In our study, we assessed memory in nine-month-olds. We used a deferred imitation task, which is commonly used in developmental psychology to assess memory. This task is similar to how parents engage their infants with a new toy.
An experimenter shows the infant an unfamiliar toy and demonstrates a certain set of actions. Then the infant is given another toy, the target toy, and has the opportunity to imitate those actions. If the infant imitates the actions, this is evidence of their memory for initial demonstration. We also used control procedures to make sure the actions we were looking for were not simply the natural intuition of the infant when engaging with the toy.
Even though they napped in the afternoon, when the infants stayed awake during the morning nap, they forgot more after the afternoon nap than they did when they had had a morning nap.
In our study, 15 infants were presented with four target toys and we measured their immediate recall of the demonstrated actions to find out if they imitated the target actions with the toy. Next, the infants napped during their morning naptime.
After their naps, they were given the toys again to see if they demonstrated memory of the experimenter’s earlier actions by imitating them. To compare the infants’ actions with and without naps, we also carried out the study the week before or the week after the nap study with infants being kept awake during their morning naps.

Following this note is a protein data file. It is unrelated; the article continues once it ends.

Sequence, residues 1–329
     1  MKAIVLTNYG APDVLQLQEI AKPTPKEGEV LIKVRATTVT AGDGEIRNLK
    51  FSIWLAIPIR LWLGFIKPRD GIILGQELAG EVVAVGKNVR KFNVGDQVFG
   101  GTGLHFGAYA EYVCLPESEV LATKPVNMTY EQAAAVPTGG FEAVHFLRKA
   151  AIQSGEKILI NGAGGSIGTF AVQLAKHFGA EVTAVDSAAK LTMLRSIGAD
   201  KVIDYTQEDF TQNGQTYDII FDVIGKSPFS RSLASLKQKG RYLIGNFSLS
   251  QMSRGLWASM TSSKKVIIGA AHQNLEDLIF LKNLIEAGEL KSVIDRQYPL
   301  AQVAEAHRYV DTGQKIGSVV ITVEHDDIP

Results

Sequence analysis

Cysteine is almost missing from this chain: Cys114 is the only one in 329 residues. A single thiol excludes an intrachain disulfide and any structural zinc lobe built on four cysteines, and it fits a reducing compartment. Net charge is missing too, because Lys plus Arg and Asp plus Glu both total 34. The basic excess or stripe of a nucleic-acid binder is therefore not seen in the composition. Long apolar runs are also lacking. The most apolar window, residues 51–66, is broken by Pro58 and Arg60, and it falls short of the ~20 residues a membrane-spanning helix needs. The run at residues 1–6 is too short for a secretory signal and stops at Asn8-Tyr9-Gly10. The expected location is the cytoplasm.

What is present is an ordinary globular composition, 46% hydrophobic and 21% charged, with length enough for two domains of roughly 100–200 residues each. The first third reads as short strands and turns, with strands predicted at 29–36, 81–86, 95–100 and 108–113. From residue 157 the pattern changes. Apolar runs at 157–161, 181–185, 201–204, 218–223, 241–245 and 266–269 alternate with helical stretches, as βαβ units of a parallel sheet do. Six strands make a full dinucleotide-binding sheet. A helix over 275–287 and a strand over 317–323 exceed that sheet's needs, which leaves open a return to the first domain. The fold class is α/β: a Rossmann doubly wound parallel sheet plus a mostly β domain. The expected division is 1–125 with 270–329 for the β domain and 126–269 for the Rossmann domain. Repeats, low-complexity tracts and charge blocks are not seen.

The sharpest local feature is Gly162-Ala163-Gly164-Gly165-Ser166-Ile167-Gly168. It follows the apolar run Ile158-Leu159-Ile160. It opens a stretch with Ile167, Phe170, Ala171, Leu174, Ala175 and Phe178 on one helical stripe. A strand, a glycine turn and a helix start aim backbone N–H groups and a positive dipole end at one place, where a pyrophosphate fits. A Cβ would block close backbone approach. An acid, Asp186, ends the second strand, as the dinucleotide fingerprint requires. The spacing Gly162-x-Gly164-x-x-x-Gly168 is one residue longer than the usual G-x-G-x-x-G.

Infants’ memory was protected when they took a morning nap: They tended to remember just as many items after their morning nap as they did before the nap. However, when infants stayed awake during their morning nap, they forgot some of the items.
Next, we considered whether staying awake during the morning nap affected infants’ memory consolidation during the afternoon nap. The infants were presented with a new set of toys and then took their regular afternoon nap. Even though they napped in the afternoon, when the infants stayed awake during the morning nap, they forgot more after the afternoon nap than they did when they had had a morning nap. That is, taking the afternoon nap did not compensate for a missed morning nap.
Our study points to the importance of naps for learning in infants. Memories are protected by naps at this age when learning is vast – from the faces of caregivers to the intricacies of language. Moreover, later sleep does not compensate for a missed nap. Instead, the effects of a missed nap can be compounded by damaging the function of later sleep.
In our ongoing work, we are manipulating the presence of the afternoon nap to directly compare memory loss when babies are kept awake during the afternoon and during the morning nap. We are also studying these infants longitudinally to understand how the function of naps changes when the morning nap becomes less essential. By recording brain activity during distributed sleep, we also aim to better understand the relation between memory and brain development.
Promoting sleep health in infancy and childhood is crucial for cognitive development. This is particularly important for families with low socioeconomic status who may lack knowledge about babies’ needs for sleep and resources to provide opportunities for sleep in the middle of the day. We need to continue our work to understand the function and timing of distributed naps so we can provide guidelines to caregivers and practitioners.